• Social stimulation
  • Physical exercise

3. The adult brain develops to age 25 or later.  Time and dynamic challenge refine the brain.  As a young adult, what you do now as far as cognitive challenge shapes the brain you will have in the future.  Memory is also affected by focus and concentration which are executive prefrontal cortex skills. With better focus comes better memory skills.

4.  There are several strategies to improve memory including:

  • Depth of processing.  The more actively you process information, the more likely you are to remember it.  Work with the information beyond the surface level.
  • Develop expertise.  Expertise in any area will help “hook” information into memory.
  • Spaced practice.  Practicing something several times with a break in between rather than all at once enhances memory.  Cramming information into memory generally does not work. It’s even true at the level of the sea slug!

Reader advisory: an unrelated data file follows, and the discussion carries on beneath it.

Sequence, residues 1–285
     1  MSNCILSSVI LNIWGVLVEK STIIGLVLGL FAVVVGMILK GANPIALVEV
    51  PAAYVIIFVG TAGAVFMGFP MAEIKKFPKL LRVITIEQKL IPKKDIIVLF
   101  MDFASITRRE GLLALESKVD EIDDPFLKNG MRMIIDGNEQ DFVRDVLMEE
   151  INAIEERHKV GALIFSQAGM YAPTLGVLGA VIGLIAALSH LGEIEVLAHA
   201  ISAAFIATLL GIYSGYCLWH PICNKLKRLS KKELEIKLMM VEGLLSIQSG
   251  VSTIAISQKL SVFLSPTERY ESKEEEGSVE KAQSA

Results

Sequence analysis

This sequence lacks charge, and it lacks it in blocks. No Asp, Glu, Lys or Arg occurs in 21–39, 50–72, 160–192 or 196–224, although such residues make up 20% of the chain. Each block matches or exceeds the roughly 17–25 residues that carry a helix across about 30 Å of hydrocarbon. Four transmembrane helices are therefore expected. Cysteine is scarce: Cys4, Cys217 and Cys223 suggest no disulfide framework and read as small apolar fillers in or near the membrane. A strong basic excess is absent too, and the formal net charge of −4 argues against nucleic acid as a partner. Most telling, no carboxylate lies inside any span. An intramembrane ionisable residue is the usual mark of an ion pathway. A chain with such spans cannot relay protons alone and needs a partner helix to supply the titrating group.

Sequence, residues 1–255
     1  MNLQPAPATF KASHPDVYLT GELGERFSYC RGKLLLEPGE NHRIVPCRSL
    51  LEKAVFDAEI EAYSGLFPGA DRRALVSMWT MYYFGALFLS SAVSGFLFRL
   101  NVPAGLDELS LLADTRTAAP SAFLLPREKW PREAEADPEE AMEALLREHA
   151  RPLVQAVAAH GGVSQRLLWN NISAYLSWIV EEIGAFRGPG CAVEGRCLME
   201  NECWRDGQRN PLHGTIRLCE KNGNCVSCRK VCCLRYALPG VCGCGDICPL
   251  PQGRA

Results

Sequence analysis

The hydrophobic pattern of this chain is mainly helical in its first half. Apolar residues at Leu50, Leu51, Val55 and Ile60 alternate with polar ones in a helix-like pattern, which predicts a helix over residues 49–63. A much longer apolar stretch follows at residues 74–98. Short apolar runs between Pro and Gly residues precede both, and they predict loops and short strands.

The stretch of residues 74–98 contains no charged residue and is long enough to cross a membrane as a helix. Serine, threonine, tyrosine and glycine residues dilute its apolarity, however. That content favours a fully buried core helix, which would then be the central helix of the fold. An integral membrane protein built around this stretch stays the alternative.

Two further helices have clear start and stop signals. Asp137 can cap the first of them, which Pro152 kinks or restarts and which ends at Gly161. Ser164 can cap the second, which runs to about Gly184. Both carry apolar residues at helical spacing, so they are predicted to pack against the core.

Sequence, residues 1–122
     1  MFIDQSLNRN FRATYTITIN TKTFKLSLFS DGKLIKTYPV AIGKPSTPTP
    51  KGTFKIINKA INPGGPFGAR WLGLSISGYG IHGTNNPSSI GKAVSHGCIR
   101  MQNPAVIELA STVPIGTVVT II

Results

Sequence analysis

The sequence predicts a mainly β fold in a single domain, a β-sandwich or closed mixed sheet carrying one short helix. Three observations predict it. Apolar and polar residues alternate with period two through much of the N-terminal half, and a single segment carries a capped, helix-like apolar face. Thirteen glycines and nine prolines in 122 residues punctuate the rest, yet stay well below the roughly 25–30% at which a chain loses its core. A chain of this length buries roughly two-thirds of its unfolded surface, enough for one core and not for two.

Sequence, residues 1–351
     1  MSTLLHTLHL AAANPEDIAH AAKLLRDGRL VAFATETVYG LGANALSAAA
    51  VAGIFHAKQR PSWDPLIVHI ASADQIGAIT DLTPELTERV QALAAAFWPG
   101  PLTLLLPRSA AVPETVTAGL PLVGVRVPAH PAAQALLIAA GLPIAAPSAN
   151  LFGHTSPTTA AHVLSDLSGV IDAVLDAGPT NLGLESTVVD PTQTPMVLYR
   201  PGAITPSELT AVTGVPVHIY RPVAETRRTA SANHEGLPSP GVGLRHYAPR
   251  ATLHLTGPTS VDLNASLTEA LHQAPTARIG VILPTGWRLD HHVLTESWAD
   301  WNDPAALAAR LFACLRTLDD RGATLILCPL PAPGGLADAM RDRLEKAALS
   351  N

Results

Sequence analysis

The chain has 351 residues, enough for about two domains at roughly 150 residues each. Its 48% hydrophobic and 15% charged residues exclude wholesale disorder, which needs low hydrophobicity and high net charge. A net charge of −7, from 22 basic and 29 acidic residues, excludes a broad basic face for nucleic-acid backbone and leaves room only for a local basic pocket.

• Emotion, stress and arousal will enhance memory.  If you are trying to teach something, make it interesting!
  • Repetition does work
5.  Our memories are easily swayed by misinformation and how a question is posed to us.   
6. Caffeine doesn’t help maintain memory performance only alertness.
7.  Dori from the movie Finding Nemo is a pretty accurate depiction of an individual with amnesia!
There was much more information from this fabulous seminar than I am listing here, but these were some of my favorite points!

 

What Color is Your Spark: Using Psychological Type to Energize Your Exercise Plan